I’m a little late with the blog this week, as I’ve been focused on subbing out stories.  It’s kind of a grueling process, since I have to get to know the various markets to find the right fit, which means reading their stories first.  I lost some time reading a magazine only to find that it’s closed to submissions.  I’ve adjusted my method accordingly.  Now, the waiting begins.

I do have a great topic to discuss with you all, but I’m putting that off until next week so I can tell you about my big personal challenge.

I’m going to read all of the winning books for the Pulitzer Prize in Fiction.  Yeah.

It looks like a cheap project at the beginning, since the first five are already in the public domain.  I hope to find used copies of the rest as I go, and a few of them are already on my shelves, some already read, some on my “to read” list already.

I hope that this will expand my horizons a bit, since I don’t tend to read much literature older than me.  Most of my favorite authors are still alive and writing, so it will be interesting to see what was considered awardworthy in the past.  (Yes, I just invented that word.  Awardworthy ®.)

The first novel to receive the award was His Family by Ernest Poole.

From Wikipedia: His Family tells the story of a middle-class family in New York City in the 1910s. The family’s patriarch, widower Roger Gale, struggles to deal with the way his daughters and grandchildren respond to the changing society. Each of his daughters responds in a distinctively different way to the circumstances of their lives, forcing Roger into attempting to calm the increasingly challenging family disputes that erupt.

This kind of story sounds right up my alley.  I love family conflict—when it’s not in my own family—and write about it quite a bit.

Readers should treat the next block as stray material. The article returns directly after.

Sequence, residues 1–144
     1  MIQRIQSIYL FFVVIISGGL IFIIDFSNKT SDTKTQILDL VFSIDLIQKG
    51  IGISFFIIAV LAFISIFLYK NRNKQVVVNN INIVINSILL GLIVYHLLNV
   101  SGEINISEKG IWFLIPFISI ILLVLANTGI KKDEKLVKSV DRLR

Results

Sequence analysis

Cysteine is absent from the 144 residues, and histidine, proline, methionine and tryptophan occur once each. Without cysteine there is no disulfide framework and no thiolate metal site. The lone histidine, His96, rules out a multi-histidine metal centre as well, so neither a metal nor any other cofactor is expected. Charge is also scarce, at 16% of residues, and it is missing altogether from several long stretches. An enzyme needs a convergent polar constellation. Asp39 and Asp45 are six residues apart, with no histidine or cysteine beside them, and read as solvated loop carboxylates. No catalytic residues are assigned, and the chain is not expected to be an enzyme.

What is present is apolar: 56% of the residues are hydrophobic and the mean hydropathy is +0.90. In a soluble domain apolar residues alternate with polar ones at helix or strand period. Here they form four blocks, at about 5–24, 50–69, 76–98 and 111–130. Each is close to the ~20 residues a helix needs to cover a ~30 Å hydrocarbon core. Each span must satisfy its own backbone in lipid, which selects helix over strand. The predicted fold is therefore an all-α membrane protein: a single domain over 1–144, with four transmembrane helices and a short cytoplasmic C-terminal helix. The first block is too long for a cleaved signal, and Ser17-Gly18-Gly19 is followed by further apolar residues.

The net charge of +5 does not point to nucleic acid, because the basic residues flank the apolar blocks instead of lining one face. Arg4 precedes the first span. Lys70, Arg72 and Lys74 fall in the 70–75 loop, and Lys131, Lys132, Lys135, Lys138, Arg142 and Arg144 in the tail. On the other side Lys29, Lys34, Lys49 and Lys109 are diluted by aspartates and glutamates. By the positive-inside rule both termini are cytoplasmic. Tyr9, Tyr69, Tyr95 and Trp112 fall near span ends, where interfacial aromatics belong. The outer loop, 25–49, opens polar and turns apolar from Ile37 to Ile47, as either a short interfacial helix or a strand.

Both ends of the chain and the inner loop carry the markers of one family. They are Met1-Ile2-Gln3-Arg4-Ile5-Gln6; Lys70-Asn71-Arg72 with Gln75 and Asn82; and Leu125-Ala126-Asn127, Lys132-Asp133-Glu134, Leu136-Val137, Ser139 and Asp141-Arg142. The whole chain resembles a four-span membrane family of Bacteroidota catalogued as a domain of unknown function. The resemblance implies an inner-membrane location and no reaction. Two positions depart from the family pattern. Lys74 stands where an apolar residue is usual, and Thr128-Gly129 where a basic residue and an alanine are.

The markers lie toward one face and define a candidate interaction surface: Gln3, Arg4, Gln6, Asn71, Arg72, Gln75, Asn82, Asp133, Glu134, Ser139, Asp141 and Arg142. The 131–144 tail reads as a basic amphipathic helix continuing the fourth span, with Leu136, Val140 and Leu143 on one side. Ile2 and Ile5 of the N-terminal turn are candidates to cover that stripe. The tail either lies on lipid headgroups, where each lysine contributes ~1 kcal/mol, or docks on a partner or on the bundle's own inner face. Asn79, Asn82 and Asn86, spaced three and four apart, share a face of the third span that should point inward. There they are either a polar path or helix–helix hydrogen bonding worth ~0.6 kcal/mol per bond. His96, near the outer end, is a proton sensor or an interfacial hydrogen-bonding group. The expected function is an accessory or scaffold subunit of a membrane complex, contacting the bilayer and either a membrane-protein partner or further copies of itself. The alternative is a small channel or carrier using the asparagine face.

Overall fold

An interesting note about this book:  It was published in 1917, won the award in 1918, and was out of print by the mid-20s.  It wasn’t reprinted until 1970, then was taken out of print again by the late 70s, reappearing again in 2000.  You can get it on Amazon, or free through Gutenberg.

That is, if you’re interested in joining me in this challenge.  I know that many of you have different tastes in reading, so would you consider a similar personal challenge? Hugo Awards, perhaps? RITA Award?  Some other personally defined reading challenge?  I’d love to hear what you’ve done to push yourself to read more.

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11 Responses to PYU-lit-sur

  1. CJ Jessop says:

    To broaden my horizons, I would probably be better going for the Pulitzer, as I haven’t read many of the American ‘greats’. My English Lit. class concentrated mostly on British writers, although we did cover a few Americans.

    I would be more tempted to go for the Nebula, since that’s my genre of choice, but the Pulitzer list would probably do me more good regarding overall writing.

  2. Interesting. Off the top of your head, what’s the difference between a Nebula and a Hugo, for those of us who don’t want to slog through the Wikipedia articles?

    • CJ Jessop says:

      I don’t know what the difference is, without reading the Wiki articles. I’m just more familiar with hearing about the Nebula, since it’s run by the SFWA. I think they’re both as prestigious as each other. The Nebula is also works published in the US, whereas I believe the Hugo can be won by works published anywhere, as long as it’s in English.

  3. ED Martin says:

    I’ve set myself the goal of reading at least one book by every author who’s won the Nobel Lit Prize. I love that the winners are from all over the world (especially in the last quarter century) so I get a taste of so many different cultures. So far I’m at 23 out of 100 or so.

  4. ashleycapes says:

    Sounds like a fantastic idea, George. Keen to hear about your favourites as you go – my goal is to read a book. Any book. I haven’t finished one in months (due to writing) and I’m starting to get frustrated 🙂

  5. This is just the sort of project summer holidays were made for!

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